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Cut truck taxes and charges, peak industry body says

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28 March 2014

Australia’s governments should respect the umpire’s decision and agree to cut the fuel tax and registration charges paid by trucking operators, the Chair of the Australian Trucking Association, Noelene Watson, said today.

The National Transport Commission (NTC) concluded in November last year that the current charging system would overtax trucks and buses by $232 million in 2014-15.

Mrs Watson said the industry had been overcharged since 2007, because the charging system underestimated the number of trucks on the road.

“There were 496,000 heavy vehicles registered in Australia in June 2013. That figure comes straight from the state and territory registration systems. But the current system for calculating our charges assumes there are only 420,000 heavy vehicles. As a result, every vehicle – and every operator – ends up paying too much in fuel tax and registration charges,” she said.

“The NTC put forward a series of options for fixing the charging system. Under what it called option A, operators would be able to claim an extra 1.04 cents per litre in fuel tax credits through their business activity statements. This would effectively be a reduction in their fuel tax. Some truck registration charges would fall.

“Governments need to accept the umpire’s decision. The NTC has confirmed that trucking operators are overcharged: they need to agree to cut registration charges and increase our fuel tax credits by 1.04 cents per litre from 1 July 2014,” she said.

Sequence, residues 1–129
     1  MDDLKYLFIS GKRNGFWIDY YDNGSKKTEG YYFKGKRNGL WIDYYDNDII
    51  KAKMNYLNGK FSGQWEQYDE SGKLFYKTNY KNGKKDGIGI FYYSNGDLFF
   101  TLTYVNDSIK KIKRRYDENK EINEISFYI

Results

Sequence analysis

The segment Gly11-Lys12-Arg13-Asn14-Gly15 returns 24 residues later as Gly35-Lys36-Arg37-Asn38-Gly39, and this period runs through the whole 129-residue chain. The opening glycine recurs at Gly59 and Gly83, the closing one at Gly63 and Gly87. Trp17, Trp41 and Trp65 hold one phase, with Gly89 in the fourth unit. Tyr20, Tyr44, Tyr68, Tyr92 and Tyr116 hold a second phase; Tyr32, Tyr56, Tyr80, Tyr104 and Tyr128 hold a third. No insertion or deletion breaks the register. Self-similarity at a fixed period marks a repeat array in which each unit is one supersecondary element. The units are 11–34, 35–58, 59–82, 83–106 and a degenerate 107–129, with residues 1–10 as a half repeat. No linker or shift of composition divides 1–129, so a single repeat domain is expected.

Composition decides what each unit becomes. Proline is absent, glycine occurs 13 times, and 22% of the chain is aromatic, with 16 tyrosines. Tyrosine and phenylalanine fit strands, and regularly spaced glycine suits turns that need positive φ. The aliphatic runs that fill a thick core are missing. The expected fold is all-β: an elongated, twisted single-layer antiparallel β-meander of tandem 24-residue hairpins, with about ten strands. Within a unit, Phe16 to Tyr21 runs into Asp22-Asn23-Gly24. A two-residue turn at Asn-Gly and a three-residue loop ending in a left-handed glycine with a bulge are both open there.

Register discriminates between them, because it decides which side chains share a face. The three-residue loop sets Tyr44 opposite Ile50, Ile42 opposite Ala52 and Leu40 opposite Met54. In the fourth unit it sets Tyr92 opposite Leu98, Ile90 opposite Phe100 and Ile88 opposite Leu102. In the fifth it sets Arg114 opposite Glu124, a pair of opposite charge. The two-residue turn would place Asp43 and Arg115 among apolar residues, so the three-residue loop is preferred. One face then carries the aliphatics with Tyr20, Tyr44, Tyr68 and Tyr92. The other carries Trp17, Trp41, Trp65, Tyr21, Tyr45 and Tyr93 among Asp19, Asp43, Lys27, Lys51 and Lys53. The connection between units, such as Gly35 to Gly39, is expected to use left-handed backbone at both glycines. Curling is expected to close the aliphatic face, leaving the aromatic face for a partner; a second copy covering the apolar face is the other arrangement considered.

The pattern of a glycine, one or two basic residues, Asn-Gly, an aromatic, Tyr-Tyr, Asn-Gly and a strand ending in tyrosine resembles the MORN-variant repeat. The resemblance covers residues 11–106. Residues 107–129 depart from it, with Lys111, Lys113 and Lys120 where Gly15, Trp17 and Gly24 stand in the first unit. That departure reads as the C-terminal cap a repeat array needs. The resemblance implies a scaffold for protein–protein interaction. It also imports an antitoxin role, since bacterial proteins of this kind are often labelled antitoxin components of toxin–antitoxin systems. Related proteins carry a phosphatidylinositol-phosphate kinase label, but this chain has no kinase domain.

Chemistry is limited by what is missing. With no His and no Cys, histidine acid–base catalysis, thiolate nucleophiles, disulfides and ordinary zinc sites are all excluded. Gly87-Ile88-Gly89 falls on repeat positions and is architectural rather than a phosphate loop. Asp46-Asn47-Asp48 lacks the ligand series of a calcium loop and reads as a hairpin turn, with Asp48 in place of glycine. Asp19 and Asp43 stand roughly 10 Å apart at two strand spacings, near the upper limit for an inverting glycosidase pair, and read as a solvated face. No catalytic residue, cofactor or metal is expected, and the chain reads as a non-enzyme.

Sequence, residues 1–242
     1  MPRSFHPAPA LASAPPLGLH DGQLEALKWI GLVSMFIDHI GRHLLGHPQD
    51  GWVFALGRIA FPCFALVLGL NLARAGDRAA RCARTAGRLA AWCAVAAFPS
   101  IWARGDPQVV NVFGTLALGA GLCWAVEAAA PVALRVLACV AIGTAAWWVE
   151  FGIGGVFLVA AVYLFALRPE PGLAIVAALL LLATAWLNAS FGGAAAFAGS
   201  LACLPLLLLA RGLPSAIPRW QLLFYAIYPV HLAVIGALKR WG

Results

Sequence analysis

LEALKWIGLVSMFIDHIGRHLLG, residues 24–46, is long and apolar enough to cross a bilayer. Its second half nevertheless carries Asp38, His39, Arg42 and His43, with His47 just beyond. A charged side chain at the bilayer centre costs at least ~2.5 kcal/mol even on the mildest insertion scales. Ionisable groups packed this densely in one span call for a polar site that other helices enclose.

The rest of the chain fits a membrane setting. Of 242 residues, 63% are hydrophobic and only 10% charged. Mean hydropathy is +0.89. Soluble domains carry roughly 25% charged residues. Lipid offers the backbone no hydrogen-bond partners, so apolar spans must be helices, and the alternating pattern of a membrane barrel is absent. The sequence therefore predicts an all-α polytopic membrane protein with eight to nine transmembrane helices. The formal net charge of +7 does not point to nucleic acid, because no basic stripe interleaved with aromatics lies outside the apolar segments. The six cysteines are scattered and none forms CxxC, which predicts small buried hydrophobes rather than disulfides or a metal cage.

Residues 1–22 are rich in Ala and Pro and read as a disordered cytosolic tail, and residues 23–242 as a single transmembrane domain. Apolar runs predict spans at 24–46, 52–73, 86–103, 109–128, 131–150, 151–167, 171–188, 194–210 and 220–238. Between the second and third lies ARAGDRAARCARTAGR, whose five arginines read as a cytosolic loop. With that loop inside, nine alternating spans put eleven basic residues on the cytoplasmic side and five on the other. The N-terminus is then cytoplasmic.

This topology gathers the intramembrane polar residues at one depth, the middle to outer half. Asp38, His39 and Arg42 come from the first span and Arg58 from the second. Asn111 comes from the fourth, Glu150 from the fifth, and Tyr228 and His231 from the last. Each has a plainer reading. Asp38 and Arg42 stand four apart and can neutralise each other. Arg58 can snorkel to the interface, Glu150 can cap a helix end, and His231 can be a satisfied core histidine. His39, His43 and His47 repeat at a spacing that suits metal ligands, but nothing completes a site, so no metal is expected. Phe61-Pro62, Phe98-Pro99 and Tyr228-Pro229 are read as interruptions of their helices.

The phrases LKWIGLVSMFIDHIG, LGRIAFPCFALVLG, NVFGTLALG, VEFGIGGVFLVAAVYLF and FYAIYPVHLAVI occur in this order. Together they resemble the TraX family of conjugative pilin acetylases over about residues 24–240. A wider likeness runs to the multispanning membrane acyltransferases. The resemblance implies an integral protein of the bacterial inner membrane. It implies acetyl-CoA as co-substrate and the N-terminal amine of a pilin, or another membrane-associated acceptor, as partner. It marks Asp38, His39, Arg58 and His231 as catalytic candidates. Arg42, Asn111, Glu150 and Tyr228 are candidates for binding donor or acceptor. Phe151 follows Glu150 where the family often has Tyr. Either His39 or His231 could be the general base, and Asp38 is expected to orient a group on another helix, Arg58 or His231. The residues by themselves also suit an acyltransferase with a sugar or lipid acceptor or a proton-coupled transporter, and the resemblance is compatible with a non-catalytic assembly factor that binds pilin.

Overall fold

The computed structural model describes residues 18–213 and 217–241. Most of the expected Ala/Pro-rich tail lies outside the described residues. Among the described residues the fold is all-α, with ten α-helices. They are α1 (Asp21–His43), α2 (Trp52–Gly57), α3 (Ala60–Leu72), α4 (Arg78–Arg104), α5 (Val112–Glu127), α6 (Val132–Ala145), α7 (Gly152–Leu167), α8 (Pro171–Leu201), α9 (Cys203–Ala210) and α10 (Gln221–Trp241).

Mrs Watson dismissed the argument that the reduction in truck charges should be phased in over three years.

“The trucking industry has paid too much tax for the last seven years. It’s a bit rich for people to argue that we should pay too much tax for another three years as well.”

Mrs Watson said governments should disband the Heavy Vehicle Charges and Investment (HVCI) Reform process.

HVCI is looking at mass-distance-location pricing, which would see trucks fitted with regulatory GPS devices. Trucking operators would receive elaborate invoices based on where their trucks went, how far they travelled and an assessment of their mass,” she said.

HVCI’s proposal is utterly inconsistent with the Australian Government’s commitment to reducing red tape and the regulatory burden on small businesses.”

Mrs Watson warned that truck mass-distance-location pricing would, if introduced, be used to justify direct road pricing for cars, including congestion charges in major cities.

“The Deloitte report on road pricing and transport infrastructure funding, released this week, argued that heavy vehicle charging would be a trial run for imposing direct pricing and time of day charges on car drivers and tradies’ utes,” she said.

“Instead of working up complex new charging systems, governments should set road charges at a fair level and concentrate on improving how road agencies plan and build roads.

“As the first step, governments need to accept the NTC’s advice, recognise that the trucking industry is overcharged, and agree to NTC option A with an increase in fuel tax credits of 1.04 cents per litre from 1 July 2014,” Mrs Watson said.

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